Back in November I blew a significant chunk of my first paycheck as a contractor on tickets to see the big man, one for me, one for Pete R.. It was a difficult calculation, for on the one hand we needed to be close enough to check that he really was breathing, and on the other not so close that we were surrounded by silvertailed boomers. The compromise was second-tier seats and it turned out well, though from what I heard we would've also been OK if we'd braved the Entertainment Centre version of the same.
We'd planned to head up around midday, thinking it'd take about two hours and there'd be plenty of time to swan about on the way. As it was we were lucky to get there by 5:30pm, midway through a set by Paul Kelly that was having a marginal impact on a beautiful summer's afternoon. An earlier stop at a pub in Cessnock had allowed us to gauge how congenial the locals were, and I could readily imagine the town going all Wayne McLennan later in the evening.
After fortuitously dumping the car at a crossroads about a kilometre up the road, we hoofed it past the vineyards and slipped past the affable security lady at the gates of Bimbadgen Estate. She had no cause to be so affable; indeed, it was as if she hadn't been briefed on the uptight tosh on the website: why no cheese knives or softdrink? Only unopened water? ... and yes, we're already resigned to fattening the promoter's pockets by forking out large for booze at the venue, so none of that either. Surely the steep ticket prices and Leonard Cohen himself already keep the riff-raff out; there was no need for the conditions of entry to read like those for visiting hours at Long Bay.
We settled down in our pews up the back of the seated area. Leonard Cohen appeared promptly and got straight into it. He played almost everything I wanted to hear in the first half, including a beautiful rendition of Anthem. (Ultimately he played the entirety of the playable from The Future, apart from my favourite Waiting for the Miracle. He emphasised its absence by referring to his long-time collaborator as the co-author of that tune. Perverse.) The crowd was huge and exploded on the thinest pretexts. The sun set, spraying red against a cirrus front, and nobody noticed.
Pete had wriggled his way through the wrinkles to the gold-plated section, and reappeared at the break. I was worried that he hadn't drank enough but he said he was OK. We both felt a bit sorry for those up the back, getting lost in those hopeless huge screens, as the wind had blown Paul Kelly's noise around. No-one seemed particularly put out though.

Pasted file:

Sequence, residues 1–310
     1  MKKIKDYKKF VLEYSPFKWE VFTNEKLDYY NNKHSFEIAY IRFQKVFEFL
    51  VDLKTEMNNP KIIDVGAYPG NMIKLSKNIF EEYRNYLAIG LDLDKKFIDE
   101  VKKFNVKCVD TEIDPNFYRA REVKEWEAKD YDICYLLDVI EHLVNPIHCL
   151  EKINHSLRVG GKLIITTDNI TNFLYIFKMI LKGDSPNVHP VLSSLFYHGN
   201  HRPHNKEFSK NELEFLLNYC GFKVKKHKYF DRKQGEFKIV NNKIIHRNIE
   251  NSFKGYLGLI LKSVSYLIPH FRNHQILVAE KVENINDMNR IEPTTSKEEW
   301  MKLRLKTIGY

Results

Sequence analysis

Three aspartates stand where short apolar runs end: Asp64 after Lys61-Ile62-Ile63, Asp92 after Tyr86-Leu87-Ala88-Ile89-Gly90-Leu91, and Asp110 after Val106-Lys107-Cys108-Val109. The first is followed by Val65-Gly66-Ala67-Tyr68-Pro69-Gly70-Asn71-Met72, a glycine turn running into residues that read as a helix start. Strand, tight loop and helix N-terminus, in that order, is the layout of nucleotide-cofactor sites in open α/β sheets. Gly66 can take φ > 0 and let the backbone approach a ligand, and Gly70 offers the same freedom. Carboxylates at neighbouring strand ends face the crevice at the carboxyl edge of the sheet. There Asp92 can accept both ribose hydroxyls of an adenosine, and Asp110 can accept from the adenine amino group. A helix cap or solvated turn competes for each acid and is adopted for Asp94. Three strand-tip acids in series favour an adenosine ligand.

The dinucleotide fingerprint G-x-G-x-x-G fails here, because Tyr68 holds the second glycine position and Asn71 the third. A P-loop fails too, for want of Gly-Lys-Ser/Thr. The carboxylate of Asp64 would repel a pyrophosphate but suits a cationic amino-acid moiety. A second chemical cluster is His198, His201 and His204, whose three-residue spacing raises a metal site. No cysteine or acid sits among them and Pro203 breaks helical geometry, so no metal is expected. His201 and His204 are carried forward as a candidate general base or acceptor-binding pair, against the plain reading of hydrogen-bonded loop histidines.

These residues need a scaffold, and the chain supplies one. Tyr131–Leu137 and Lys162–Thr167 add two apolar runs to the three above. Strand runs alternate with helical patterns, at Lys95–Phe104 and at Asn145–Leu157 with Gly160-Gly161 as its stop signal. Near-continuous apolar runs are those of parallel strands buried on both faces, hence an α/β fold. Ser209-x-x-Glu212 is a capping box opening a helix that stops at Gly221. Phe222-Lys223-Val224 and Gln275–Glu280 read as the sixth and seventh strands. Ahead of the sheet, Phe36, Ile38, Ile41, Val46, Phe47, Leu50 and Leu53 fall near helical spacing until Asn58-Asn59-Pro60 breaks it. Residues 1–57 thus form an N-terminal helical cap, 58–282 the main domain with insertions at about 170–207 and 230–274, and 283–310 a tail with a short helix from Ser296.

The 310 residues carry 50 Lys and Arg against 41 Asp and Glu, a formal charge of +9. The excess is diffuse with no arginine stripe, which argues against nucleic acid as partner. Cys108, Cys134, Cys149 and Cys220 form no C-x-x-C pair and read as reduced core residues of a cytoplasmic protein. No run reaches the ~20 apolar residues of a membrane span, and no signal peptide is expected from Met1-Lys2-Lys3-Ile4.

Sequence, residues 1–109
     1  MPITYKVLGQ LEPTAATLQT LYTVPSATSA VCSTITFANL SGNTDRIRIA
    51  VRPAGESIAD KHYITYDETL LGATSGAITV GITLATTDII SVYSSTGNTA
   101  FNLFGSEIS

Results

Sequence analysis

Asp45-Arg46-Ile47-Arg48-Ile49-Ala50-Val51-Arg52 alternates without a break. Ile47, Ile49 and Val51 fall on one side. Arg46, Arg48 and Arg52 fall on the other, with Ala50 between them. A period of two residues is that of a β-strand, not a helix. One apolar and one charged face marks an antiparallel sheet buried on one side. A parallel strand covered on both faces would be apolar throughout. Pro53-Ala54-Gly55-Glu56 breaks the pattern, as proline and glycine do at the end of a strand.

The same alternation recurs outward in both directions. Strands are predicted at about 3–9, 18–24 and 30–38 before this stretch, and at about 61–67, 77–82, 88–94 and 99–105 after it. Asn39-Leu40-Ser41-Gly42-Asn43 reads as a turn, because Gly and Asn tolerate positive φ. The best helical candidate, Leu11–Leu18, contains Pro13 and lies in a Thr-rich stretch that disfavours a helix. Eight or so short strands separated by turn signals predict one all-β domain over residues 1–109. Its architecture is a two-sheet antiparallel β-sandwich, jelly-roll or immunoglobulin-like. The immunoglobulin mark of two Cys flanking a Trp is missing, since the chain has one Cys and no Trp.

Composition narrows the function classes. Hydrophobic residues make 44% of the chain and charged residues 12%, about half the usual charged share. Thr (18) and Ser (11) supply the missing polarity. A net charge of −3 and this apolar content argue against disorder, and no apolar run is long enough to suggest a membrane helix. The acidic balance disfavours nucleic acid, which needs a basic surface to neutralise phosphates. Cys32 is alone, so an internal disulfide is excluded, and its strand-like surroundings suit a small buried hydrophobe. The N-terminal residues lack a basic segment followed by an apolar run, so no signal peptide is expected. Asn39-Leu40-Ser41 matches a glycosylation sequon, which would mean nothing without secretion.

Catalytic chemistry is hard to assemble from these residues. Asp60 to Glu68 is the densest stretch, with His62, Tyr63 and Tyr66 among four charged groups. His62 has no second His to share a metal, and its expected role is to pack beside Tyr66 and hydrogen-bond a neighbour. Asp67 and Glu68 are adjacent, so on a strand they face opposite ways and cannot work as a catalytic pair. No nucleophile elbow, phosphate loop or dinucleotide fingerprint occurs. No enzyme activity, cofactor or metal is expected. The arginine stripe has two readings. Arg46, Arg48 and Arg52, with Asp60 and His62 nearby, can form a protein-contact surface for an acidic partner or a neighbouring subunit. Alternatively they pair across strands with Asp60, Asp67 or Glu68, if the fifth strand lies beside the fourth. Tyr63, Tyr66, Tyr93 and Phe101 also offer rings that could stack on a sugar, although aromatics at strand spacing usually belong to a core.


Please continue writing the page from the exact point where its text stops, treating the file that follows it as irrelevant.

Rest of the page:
The hit list continued: The Future (with Leonard losing interest in anal sex, or perhaps taking Australians for Americans, preferring it casual, but happy enough to be the white man dancing), Chelsea Hotel, Famous Blue Raincoat, In My Secret Life and so forth. I was shocked — shocked, I tell you! — to hear a slightly-too-fast First We Take Manhattan, which I'd thought to be off limits since Joe Cocker's cover. They sentenced me to sixty days of boredom... indeed. I was hugely amused when he switched on the pre-programmed synth for Tower of Song, perhaps the musically lamest thing he's ever served up. Strangely the lyrics are quality and don't spoil the cheese.
There were a couple of bones thrown to the old fans, played quickly and resolutely, before returning to such general crowd pleasers as Democracy. At this point I realised I was going to also get dudded out of The Stranger Song, which I would've thought perfect for the times. Pete got right into The Gypsy's Wife.
The band was excellent, especially the Spanish guitarist and miscellaneous wind instrument bloke. The guitarists and keyboard player, backing vocalists, drummer... the sound mix was perfect. I hope someone is recording all these gigs and they release an update of the classic CD from 1994. In fact Leonard seemed sprightly enough to crank out another disc or two of original material on top of that.
Upon the fall of the last note, Pete and I did the runner back to the car and hightailed it back to Coogee. It was all so splendid that one almost wishes that his current manager is ripping him off so we can do it all again next year.
I bought this novel on impulse, partly because of the movie, partly because David Marr apparently thought it to be one of the few Australian books of the 1990s that told it like it was. As one would expect, 'it' (embodied by Brisvegas) was drenched in sex and drugs, and just a little rock-and-roll.
I guess the inevitable comparisons are with Douglas Coupland's classic Generation X and John Birmingham's iconic He died with a felafel in his hand. I found it inferior to both, and indeed not even as good as the film, which may be due to Sacha Horler being a better Cynthia than McGahan's. Not to say it wasn't worth reading, just not worth reading slowly.
Just as good the second time around. Thanks again, Dave.
Aronofsky is maturing; this one never flinches, being full of trademark gore and nowhere as feeble as his previous effort. I wish his auxiliary characters had more character.
The stucture of this reminded me of Salman Rushdie's Midnight's Children, with the TV show standing in for the pickling, and the historiography reduced to one person's life. Danny Boyle always has a thumping soundtrack.
Mid-morning snorkel at Little Bay. A bloody hot day. I wore the spring suit, telling myself it was to keep the sun off, and I did feel a bit silly once in the water as it was quite pleasant. Loads of people, not too many fish. A persistent little silver one, about six centimetres long, stuck with me for about ten minutes right across the bay.